e | Section or Brochure namePrefaceAt 13 percent of GDP India’s spending on logistics1 is ,both signiﬁcant and inefﬁcient. These inefﬁciencies arelargely a result of India’s diverse geographic conditions,poor core infrastructure, complex tax policies andsupply side constraints — all of which result in hightransportation, storage and service costs.However, India’s logistics story is indeed an attractiveone, based on its rapidly growing economy, theincrease in outsourcing of logistics, steady supply sidechanges, signiﬁcant government thrust on investmentin infrastructure and landmark changes in tax andregulatory policies.It is this attractiveness, along with the potential to tideover inefﬁciencies that has driven scores of investorsand operators to participate in the Indian transportation& logistics sector and, within a short span of time, gainmarket prominence amongst decades old businesses ina highly fragmented industry.An extremely fragmented structure is only one of thepeculiarities and complexities faced by the sectorbesides ﬁerce price based competition, regulatoryintervention, cyclicality and underdeveloped corporategovernance standards. Hence, a deep understanding ofthe opportunities that stare at the sector and the risksthat limit them within the wider regulatory and ﬁscalframework is desirable for stakeholders, especiallyinvestors.This paper is aimed at bringing together information,points of view and analysis on various facets of thisexciting industry constructed on the back of ourengagements, experiences and conversations withmultiple stakeholders.1 KPMG’s White Paper on Skill Gaps in the Indian Logistics Sector, 2007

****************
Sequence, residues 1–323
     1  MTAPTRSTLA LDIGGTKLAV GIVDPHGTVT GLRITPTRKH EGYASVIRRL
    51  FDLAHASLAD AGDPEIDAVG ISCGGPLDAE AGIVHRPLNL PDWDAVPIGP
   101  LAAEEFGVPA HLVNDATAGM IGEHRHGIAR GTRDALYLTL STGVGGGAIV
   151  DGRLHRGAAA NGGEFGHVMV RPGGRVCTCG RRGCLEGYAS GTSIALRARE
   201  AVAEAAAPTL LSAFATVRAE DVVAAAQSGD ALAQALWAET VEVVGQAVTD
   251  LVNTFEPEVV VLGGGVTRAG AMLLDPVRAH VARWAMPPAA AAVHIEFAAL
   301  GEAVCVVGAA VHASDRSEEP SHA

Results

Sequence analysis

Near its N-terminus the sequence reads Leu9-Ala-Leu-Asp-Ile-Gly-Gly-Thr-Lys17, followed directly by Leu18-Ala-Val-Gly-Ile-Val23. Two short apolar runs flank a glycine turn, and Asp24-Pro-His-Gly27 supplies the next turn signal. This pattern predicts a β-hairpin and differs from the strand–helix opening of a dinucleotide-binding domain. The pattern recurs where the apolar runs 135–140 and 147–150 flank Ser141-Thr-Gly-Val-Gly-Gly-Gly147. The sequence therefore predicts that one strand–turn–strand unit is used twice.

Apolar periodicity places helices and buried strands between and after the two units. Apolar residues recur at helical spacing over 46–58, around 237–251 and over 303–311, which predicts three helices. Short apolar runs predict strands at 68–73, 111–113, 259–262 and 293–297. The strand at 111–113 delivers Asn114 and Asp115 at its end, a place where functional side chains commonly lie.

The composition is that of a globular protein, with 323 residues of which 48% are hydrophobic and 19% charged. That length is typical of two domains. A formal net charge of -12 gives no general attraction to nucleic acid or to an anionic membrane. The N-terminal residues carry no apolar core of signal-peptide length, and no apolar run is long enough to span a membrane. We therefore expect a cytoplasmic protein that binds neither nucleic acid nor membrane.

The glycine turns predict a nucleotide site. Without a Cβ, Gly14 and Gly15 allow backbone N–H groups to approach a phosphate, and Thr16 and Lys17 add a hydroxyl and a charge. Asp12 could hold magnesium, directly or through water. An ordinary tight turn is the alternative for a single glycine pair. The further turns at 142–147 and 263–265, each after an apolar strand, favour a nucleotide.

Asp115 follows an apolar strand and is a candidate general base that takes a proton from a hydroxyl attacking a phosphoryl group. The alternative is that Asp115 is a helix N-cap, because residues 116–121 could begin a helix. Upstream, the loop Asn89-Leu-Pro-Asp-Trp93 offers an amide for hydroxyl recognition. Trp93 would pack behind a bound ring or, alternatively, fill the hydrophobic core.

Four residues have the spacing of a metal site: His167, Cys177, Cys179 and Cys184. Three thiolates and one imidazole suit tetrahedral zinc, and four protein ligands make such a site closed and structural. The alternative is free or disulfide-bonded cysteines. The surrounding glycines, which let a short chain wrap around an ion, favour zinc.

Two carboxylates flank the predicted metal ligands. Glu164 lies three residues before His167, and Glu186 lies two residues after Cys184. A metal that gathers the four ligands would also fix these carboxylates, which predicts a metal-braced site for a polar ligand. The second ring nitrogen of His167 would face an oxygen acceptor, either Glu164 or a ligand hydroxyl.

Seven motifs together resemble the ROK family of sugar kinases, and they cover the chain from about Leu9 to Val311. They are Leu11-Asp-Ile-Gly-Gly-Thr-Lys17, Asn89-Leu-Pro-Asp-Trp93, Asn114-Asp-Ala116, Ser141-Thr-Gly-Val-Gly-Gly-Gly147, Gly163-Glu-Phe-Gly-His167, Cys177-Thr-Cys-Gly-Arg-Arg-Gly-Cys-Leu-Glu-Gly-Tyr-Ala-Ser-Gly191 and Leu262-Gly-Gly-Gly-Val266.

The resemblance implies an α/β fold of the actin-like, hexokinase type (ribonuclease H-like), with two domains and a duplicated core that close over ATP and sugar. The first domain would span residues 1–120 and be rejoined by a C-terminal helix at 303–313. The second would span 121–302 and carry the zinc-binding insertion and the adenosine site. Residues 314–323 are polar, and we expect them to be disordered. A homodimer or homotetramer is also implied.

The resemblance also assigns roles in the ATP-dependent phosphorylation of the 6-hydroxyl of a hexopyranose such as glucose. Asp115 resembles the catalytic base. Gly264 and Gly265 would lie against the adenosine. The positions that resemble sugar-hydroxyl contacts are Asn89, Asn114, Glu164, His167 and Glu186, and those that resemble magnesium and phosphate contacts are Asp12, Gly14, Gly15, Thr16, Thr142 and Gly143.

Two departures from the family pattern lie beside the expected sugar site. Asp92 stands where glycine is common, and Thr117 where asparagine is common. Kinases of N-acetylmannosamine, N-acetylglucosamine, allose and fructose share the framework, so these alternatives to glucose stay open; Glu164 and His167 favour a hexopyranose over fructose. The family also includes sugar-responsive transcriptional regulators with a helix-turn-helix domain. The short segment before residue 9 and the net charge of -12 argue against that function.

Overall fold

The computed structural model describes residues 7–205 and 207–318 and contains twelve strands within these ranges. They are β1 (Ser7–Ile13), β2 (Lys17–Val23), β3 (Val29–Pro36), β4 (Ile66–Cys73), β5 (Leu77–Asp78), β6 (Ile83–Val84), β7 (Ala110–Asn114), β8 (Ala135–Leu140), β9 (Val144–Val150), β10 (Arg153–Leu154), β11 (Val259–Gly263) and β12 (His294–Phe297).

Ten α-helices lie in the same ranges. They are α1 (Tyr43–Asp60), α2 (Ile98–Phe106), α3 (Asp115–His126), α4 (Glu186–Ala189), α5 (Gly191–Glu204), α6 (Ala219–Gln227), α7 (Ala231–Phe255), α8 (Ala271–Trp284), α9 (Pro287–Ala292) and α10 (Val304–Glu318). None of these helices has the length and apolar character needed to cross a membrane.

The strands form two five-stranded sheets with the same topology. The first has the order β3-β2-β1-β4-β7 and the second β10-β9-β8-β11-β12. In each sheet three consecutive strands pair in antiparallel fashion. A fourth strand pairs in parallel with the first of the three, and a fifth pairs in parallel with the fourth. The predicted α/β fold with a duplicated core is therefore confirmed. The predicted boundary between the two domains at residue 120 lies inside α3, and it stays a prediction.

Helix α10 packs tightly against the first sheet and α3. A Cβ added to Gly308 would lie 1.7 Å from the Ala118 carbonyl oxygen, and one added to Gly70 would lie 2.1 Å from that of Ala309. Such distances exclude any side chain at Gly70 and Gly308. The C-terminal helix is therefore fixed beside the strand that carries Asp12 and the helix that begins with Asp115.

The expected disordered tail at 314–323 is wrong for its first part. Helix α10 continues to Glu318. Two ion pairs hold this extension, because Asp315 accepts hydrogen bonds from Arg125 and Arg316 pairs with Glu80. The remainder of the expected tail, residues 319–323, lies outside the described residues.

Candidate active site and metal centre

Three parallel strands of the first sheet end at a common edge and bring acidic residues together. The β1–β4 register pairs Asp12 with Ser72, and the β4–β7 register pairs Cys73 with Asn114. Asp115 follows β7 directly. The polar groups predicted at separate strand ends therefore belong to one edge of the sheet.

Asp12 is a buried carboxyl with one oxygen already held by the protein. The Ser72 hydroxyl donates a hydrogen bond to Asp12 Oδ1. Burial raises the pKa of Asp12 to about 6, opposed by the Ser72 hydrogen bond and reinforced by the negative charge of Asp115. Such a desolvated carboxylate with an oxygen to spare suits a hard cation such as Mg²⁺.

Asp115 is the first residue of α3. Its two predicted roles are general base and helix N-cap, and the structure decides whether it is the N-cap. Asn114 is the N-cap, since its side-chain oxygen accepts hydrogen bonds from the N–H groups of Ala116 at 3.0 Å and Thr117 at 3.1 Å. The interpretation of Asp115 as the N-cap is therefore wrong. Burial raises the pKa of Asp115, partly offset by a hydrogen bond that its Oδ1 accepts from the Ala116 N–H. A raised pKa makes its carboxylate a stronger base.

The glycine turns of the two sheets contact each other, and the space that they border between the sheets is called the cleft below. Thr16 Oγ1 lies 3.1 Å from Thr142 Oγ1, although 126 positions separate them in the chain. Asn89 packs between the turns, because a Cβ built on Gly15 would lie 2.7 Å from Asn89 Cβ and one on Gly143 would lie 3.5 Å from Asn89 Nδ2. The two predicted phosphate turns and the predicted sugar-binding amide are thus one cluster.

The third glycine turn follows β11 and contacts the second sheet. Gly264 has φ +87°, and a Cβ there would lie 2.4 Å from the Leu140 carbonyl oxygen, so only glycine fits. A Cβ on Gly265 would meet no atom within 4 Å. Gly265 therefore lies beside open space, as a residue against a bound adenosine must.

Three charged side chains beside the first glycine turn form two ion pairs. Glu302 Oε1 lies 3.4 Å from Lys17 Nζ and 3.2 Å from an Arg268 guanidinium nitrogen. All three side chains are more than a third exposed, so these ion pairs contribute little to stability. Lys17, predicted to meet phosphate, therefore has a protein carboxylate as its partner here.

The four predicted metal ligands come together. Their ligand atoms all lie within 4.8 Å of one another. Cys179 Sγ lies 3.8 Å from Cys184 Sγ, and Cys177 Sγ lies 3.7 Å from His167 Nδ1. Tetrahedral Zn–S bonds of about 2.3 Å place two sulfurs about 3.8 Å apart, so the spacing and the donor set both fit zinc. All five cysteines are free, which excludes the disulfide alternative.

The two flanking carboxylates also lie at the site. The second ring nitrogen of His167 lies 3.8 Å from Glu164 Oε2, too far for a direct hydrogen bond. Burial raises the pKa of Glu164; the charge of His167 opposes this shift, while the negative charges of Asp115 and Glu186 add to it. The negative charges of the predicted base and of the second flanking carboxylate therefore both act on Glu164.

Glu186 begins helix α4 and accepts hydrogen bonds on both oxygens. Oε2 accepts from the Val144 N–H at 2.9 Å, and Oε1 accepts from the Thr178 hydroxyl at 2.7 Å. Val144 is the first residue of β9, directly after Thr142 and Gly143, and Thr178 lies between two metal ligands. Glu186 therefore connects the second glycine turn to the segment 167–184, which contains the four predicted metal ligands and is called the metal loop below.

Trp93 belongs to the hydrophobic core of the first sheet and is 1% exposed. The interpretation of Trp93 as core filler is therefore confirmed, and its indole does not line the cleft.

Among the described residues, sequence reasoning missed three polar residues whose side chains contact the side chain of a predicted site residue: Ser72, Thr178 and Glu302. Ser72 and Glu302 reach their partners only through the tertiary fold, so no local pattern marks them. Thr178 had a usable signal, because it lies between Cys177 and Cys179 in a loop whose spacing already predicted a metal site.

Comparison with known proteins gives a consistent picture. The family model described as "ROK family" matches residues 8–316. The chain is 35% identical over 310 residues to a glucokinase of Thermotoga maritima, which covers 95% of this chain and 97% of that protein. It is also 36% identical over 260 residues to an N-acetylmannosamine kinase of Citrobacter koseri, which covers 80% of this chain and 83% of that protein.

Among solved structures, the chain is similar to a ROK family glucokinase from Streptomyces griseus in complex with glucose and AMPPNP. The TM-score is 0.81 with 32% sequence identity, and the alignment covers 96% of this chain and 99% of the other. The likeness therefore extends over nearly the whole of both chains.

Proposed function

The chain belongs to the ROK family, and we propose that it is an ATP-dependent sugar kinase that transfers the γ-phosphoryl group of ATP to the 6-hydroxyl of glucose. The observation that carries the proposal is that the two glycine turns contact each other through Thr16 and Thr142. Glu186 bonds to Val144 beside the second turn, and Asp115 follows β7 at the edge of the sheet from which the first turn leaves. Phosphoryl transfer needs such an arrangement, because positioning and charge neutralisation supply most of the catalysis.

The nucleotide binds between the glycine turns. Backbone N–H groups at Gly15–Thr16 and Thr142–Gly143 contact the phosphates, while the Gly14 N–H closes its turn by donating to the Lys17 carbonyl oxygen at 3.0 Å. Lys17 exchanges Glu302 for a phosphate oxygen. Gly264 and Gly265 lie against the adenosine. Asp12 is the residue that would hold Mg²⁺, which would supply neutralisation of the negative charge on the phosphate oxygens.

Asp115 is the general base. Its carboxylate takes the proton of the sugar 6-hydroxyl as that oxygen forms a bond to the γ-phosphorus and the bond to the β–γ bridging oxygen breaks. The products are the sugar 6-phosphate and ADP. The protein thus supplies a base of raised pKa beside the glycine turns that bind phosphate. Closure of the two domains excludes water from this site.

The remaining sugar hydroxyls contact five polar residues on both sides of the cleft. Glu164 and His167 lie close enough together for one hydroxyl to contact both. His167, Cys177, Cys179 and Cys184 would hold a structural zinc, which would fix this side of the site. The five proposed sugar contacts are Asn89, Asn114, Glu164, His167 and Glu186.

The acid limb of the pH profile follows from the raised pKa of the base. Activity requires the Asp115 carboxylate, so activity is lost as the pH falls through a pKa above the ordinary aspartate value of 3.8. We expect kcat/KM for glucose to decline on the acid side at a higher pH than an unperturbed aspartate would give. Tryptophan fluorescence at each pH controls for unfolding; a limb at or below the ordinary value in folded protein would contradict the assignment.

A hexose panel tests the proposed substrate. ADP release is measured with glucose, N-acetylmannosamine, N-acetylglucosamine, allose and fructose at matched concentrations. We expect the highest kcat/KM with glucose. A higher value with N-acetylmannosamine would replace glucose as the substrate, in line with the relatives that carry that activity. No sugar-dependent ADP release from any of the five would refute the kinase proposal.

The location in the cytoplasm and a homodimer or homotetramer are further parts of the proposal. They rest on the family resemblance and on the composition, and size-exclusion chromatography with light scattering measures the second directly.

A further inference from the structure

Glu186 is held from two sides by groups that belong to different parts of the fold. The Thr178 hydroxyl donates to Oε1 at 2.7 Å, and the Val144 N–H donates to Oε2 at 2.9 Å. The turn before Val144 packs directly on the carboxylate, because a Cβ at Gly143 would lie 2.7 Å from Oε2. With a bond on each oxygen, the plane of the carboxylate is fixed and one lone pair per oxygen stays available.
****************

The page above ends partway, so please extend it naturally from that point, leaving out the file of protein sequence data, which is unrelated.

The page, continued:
ContentsThe Indian Transportation & Logistics industry – 01Broad strokesUnderstanding the opportunity, 15Analysing its potentialInvesting in the Transportation & Logistics 43industry
01The Indian Transportation& Logistics industry –Broad strokes• Buoyed by growth - 5 growth drivers - How India compares with other countries• Limited by inefﬁciencies
15Understanding theopportunity,Analysing its potential• Evolution of key segments - Roads - Ports - Warehousing - 3PL• Emerging investment themes and opportunities• Private equity, mergers & acquisitions in the industry
41 Evaluating a target Also, the evaluation process by investors and operators towards an investment in the Indian transportation and logistics space shall comprise the following: Understanding the Indian transportation & logistics sector — Transportation & logistics in India is a collection of dozens of sub-segments, some of which are very attractive and some of which are not. Interested parties need to understand the fundamental attractiveness of and opportunity in various sectors — in terms of: • Size and growth prospects • Sustainability of growth drivers • Regulations, tax policies and incentives available • Proﬁtability of the segment • Returns on investment • Competitive intensity • Ability of customers to pay and accept better quality of services • Potential to differentiate services and products and gain market share Developing an India market expansion strategy — based on the attractiveness of the segment(s) studied, investors and operators need to develop a focused strategy to play in the Indian market. This includes some of the following considerations: • Customer segments to focus on • Products and services planned currently • Synergistic products and services planned for future towards an integrated offering across the value chain • Asset weight and operating model • Execution road map